# Transient natural convection problem

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 January 30, 2000, 02:02 Transient natural convection problem #1 Ravi Guest   Posts: n/a Can SIMPLE or SIMPLER be used to solve a transient, bouyancy driven flow ? If yes, How ? What other methods can be used ? Thanks Ravi

 January 30, 2000, 05:13 Re: Transient natural convection problem #2 Xu Zhou Guest   Posts: n/a Hi, Yes, you can catch a transient behaviour in a buoyancy-driven flow. But you have to use a small time step, e.g. keep the CFL number less than about 0.3. You can have a look at one of Katta's papers, among others: V. R. Katta and L. P. Goss and W. M. Roquemore,"Effect of nonunity Lewis number and finite-rate chemistry on the dynamics of a hydrogen-air jet diffusion flame ", Combustion and Flame, vol. 96, pp.60-74 (1994) The best way is to use DNS or LES. best regards, Xu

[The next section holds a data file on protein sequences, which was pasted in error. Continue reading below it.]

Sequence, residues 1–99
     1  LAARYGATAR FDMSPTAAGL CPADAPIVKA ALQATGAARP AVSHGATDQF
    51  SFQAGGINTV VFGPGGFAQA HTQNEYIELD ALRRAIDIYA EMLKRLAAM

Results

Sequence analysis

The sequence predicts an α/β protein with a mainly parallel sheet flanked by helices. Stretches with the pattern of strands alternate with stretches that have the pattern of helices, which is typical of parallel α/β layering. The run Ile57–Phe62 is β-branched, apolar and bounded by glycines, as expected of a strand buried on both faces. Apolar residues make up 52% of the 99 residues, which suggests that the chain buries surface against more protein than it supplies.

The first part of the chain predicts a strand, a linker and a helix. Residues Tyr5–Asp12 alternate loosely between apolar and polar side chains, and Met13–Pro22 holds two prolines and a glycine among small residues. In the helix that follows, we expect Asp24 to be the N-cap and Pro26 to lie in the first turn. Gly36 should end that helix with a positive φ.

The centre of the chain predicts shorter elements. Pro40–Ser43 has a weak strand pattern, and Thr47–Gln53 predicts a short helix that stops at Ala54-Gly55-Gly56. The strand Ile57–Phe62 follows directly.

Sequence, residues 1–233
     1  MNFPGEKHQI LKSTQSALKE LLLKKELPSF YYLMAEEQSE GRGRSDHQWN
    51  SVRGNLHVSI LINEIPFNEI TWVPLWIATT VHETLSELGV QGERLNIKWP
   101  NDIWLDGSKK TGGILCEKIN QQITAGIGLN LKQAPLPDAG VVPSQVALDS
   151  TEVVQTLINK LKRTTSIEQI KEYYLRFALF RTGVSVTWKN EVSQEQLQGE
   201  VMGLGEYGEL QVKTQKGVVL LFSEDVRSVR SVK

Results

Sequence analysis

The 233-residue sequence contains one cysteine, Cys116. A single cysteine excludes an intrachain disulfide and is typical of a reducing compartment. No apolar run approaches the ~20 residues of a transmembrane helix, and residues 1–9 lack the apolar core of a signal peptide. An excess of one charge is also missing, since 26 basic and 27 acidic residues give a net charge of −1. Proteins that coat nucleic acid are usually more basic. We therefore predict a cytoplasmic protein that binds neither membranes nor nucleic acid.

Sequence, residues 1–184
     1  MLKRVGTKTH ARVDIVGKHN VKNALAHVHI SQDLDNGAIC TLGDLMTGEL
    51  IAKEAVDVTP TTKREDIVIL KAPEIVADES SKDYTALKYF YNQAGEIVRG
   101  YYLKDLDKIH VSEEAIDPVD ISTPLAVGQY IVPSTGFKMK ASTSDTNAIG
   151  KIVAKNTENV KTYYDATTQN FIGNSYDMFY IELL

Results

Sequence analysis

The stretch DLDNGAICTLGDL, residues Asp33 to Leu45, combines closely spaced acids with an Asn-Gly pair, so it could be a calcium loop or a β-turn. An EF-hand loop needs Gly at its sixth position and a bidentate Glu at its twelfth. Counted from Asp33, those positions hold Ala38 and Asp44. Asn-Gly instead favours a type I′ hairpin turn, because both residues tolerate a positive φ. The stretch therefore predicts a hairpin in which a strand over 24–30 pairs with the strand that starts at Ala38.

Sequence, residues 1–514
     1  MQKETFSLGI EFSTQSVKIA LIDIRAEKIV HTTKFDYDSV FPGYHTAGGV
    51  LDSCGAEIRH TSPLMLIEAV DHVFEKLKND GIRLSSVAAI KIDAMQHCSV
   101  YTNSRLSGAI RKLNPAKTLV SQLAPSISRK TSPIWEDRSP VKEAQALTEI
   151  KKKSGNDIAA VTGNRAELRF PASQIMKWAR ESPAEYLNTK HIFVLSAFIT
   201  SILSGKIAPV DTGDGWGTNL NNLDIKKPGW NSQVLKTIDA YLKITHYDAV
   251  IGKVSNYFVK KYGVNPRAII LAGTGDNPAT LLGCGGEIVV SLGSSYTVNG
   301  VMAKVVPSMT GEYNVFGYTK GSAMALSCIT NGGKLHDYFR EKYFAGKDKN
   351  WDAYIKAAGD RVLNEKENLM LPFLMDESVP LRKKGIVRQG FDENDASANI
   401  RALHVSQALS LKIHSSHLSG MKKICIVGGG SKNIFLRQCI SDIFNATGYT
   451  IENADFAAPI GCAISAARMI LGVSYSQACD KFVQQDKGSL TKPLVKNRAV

January 30, 2000, 12:08 Re: Transient natural convection problem #3 COBOK Guest   Posts: n/a SIMPLE(R) is only the way to handle pressure for a set of incompressible NS equations. Recall that it stands for semi-implicit pressure linked equations. So, it has little to do with the discretization of PDEs into algebraic set of equations. Cfd-people imply that SIMPLE should be used only with the finite (control) volume methods, as it has been outlined in S.V.Patankar's book "Numerical Heat and Mass Transfer (?)" -- the "bible" for cfd beginners. For that reason many cfd'ers believe SIMPLE=F(C)VM. Not exactly! It is possible to extend SIMPLE to other methods, finite elements, boundary elements. Though, it may not be the best to couple advanced methods with SIMPLE. Nevertheless, it has been done in literature, maybe, mainly to say, "Oh, well, I did it...". Coming back to your question, of course, SIPMLE(R) may be used for transient buoyancy driven flows. Problem is accuracy. On the first hand, SIPMLE becomes very inaccurate for bouyancy forces dominate over convection forces due to the way you link pressure with the NS equations. Next, it mostly depends upon the discretization scheme used for the PDEs. This is the most crucial moment. COBOK granzer likes this.